Salt and Tears

Gen. 19:15-29  Matt. 8:23-27  “Salt and Tears”  St. Emma

Last night I  sat with a one of my guys who is sick with chronic bronchitis at General, I was dozing off, and one of the doctors jokingly commented, “if we did not know better we would think you were his dad,” and I laughed, and said, “you use to call me their brother, soon it will be grandfather,” and he laughed.  I remember studying a story in college “Goodbye Mr. Chips” about an English college professor during World War II. It took us through the years to his retirement and he sat in a chair on the lines of a their soccer field reflecting on his time there.  They were the only kids he had.  I thought of that during Pride as I talked to the young kids at Pride, I think of that story as I hang out with my kids. That is the role I am moving towards. And like Mr. Chips I have no regrets, for I have touched the lives of thousands upon thousands of young people. I am ill, running chills and fever, tests are being run, and in the middle of my fever and its breaking I often wonder if it was all worth it, laying here alone. Than I see my buddy on the street who is dying, and look into the eyes of Jake in the hospital, knowing he will stay with me for several days after he gets out having no where to go, and know it is worth it and more. All I have ever been is a pastor, since I was 16 years old, even as a prostitute like it or not I was a pastor, that is my call, and to pastor for me is to give my life a way. Like the velveteen rabbit I am being rubbed bare–and that is the call of all us.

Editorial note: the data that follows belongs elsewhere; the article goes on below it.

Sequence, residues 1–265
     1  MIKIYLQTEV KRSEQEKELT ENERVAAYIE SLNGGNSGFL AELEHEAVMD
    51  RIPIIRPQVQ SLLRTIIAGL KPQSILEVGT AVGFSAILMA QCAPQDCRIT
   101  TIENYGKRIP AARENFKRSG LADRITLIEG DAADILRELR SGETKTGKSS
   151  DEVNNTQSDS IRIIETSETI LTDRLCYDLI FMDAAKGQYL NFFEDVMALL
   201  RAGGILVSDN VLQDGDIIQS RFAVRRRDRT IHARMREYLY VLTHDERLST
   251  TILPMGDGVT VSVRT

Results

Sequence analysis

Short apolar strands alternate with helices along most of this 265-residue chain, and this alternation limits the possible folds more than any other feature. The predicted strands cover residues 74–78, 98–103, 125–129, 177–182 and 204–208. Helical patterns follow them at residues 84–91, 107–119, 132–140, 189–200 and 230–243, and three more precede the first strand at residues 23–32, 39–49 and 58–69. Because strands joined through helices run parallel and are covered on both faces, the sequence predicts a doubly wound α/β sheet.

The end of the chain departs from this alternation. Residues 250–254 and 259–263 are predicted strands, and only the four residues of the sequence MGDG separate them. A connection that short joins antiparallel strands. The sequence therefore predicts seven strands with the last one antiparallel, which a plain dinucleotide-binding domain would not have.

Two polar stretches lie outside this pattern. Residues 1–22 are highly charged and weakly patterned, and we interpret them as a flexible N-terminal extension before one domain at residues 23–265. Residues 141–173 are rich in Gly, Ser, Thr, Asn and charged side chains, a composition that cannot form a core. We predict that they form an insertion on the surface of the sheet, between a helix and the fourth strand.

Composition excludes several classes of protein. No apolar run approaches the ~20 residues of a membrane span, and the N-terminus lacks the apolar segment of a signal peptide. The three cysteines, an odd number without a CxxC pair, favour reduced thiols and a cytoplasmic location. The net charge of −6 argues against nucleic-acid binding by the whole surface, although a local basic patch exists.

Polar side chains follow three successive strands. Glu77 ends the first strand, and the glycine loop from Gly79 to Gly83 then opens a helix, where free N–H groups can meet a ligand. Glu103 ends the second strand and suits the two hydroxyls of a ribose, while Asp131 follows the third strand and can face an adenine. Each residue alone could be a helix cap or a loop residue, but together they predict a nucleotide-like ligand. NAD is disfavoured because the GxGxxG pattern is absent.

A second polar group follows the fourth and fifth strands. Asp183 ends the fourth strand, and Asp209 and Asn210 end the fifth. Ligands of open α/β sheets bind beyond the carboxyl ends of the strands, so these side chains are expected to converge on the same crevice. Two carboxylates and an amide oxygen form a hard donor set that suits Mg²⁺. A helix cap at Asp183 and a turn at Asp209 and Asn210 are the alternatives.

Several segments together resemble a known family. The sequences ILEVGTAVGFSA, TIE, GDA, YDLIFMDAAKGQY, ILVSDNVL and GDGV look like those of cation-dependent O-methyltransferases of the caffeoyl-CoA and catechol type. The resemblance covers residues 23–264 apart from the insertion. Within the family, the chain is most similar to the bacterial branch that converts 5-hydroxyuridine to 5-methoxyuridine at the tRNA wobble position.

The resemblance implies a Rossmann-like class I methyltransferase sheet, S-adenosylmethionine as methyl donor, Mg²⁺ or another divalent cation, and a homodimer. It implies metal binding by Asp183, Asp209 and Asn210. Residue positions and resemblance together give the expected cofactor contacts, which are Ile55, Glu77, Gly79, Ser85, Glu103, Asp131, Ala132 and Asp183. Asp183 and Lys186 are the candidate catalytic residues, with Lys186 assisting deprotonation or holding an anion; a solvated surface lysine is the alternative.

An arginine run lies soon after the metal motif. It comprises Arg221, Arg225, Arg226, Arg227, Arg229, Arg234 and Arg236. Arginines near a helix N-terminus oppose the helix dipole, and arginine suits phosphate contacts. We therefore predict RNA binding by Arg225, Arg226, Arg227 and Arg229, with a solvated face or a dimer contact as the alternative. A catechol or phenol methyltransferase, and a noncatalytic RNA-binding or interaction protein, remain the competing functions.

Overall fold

For we can choose to be like the woman in our story from Genesis looking back, not wanting to leave, wanting her past back or we can choose the Jesus of the Gospel’s who tells the storms “Peace be still”,” we can choose death or life.  I choose life.

In the last few years I have become more and more aware of how we are consumed with technology. I sat down with a “mature friend”–yesterday for lunch, and she had to check her texts and call her neighbor because the woman wanted to use her pool. I do not check my phone when I am with some one, they get my total attention. The following poem from David Alben sums it up for me–we need to look at each other, give time to each other.

This is well worth reflecting on:

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“We’re able to interact with thousands of people around the world with a device in the palm of our hands, yet we’re having a hard time listening to the person right in front of us.

Look around you, everything everywhere is constantly fighting for your attention. There always seemed to be something beeping, something notifying, compelling us to do something.

It’s an exhausting rhythm of perpetual input. It follows us into our homes, into our beds, into our minds, and into our souls.

This leaves us with trivial time for rest, self-reflection, personal spiritual growth, and deep connection with others.”

Deo Gratias! Thanks be to God!

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